In addition, black drivers are 31 percent more likely to be pulled over than white drivers. Black drivers are searched by police at traffic stops two times more than white drivers.

Additionally, 15 percent of all inmates in the United States are jailed on drug-related offenses. Of this 15 percent, 32.6 percent is white and 38.4 percent is black. Again, when adjusted for differences in black and white population, black people are six times more likely to get arrested and incarcerated for drug offenses.

Almost half of these drug arrests are due to marijuana. According to a 2010 study by the National Household Survey on Drug Abuse and Health, despite the fact that marijuana use among blacks and whites remains constant, black people are 3.7 times more likely to be arrested for marijuana possession than their white peers.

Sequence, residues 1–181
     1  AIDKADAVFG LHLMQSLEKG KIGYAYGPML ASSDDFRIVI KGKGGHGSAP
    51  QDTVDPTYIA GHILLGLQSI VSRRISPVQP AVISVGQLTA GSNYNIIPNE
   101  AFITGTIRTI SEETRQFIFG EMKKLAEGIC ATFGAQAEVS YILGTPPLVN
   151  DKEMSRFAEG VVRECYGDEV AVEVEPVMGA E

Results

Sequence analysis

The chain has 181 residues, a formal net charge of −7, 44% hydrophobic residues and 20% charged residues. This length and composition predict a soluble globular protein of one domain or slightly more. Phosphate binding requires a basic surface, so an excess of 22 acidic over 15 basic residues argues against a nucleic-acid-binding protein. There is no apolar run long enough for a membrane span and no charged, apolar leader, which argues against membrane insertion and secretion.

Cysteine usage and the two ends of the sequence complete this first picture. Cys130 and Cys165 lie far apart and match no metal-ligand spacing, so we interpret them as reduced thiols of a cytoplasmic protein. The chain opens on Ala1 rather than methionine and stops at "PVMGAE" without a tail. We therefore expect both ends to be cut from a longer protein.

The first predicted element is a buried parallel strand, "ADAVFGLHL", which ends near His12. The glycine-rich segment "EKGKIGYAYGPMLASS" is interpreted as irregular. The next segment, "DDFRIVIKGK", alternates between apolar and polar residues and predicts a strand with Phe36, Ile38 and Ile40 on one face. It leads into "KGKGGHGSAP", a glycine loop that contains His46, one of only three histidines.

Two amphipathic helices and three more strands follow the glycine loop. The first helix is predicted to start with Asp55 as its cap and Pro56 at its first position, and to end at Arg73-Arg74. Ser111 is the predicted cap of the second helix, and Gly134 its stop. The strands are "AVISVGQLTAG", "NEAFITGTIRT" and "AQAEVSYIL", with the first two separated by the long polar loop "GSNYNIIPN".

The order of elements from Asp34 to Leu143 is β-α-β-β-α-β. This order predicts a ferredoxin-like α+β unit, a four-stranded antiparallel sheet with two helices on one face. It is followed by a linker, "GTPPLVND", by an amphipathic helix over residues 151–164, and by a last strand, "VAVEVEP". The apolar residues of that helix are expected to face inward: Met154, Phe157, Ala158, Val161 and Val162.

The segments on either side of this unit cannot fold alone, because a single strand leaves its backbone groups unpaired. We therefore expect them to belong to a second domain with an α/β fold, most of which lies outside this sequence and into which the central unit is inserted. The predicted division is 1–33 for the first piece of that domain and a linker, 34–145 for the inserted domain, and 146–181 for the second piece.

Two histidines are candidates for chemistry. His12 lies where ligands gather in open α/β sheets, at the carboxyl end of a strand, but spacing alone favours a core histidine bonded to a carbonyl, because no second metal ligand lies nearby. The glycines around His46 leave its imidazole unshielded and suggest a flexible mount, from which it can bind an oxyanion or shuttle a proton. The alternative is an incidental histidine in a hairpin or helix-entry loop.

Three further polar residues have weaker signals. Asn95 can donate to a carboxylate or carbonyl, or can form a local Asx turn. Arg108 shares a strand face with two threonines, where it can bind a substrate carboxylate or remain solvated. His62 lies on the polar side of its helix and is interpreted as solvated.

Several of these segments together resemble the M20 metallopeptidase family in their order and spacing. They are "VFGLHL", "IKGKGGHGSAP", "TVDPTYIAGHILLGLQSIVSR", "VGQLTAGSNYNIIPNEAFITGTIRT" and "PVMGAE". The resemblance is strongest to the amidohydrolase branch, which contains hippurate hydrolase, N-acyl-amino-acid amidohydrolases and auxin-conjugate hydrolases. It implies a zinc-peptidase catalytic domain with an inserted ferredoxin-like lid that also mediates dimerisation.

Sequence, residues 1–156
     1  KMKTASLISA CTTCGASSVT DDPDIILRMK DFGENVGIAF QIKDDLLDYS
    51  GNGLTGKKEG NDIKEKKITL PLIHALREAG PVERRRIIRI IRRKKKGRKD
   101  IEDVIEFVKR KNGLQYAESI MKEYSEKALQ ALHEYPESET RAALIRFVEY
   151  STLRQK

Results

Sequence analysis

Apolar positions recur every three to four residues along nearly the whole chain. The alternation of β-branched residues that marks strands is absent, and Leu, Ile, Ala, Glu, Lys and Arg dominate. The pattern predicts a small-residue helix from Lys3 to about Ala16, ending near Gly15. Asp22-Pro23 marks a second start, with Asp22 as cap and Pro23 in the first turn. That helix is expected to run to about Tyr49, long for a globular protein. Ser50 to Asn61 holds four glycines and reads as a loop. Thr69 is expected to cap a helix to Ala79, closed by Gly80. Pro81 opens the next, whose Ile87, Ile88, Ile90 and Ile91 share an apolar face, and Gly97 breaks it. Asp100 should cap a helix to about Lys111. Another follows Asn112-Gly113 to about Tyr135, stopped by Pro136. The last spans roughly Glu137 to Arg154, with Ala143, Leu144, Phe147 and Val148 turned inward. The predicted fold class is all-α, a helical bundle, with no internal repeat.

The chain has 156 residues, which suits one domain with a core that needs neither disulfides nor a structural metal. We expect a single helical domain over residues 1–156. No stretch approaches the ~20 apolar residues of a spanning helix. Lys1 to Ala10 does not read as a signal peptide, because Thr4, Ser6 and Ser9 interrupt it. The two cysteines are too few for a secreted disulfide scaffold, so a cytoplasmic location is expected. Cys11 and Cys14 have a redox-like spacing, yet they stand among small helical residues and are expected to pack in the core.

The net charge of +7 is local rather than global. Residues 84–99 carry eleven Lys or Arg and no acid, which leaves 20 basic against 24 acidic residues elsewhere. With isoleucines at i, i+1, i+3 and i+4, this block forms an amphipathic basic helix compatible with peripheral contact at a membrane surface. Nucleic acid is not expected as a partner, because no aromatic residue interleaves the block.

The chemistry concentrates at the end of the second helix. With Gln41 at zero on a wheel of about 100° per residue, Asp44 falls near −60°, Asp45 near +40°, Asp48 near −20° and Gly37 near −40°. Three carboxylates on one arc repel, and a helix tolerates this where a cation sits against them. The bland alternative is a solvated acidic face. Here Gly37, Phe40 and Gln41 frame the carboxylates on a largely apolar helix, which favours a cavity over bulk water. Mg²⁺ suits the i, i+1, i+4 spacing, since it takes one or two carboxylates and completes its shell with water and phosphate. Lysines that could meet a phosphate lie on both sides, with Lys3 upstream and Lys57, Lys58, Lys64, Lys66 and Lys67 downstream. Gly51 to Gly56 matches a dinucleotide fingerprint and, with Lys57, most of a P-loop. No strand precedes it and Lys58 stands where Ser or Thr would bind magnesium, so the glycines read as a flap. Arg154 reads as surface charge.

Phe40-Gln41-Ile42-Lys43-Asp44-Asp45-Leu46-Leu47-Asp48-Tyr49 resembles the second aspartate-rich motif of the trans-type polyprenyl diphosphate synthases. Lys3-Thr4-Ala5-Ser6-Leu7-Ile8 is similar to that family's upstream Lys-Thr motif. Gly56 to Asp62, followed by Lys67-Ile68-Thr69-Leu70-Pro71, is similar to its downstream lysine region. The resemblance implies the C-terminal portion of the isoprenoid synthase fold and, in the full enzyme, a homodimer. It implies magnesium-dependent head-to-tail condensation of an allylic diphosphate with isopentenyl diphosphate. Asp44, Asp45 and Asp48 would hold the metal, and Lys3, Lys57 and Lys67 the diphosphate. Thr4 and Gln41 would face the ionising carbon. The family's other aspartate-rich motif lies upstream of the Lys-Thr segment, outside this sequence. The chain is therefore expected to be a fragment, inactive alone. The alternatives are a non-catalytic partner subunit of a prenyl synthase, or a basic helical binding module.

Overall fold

According to the Department of Justice, African Americans account for 24 percent of those fatally shot and killed by the police despite being just 13 percent of the U.S. population. Again, clearly disproportionate.

Now these statistics show that today America is still a racist society. If you are black you are more likely to have trouble finding housing and getting a job. You are more likely to be pulled over, searched, arrested, incarcerated and shot. But what about the fact that crime rates are in fact disproportionately higher in black urban areas?

Poverty affects black citizens disproportionately. In 2008, the Bureau of Justice found that 34 percent of black children were living in poverty while only 10 percent of white children shared the same conditions.

Blacks are more likely to live in what are called high-poverty census track neighborhoods. This means neighborhoods where most people are poor.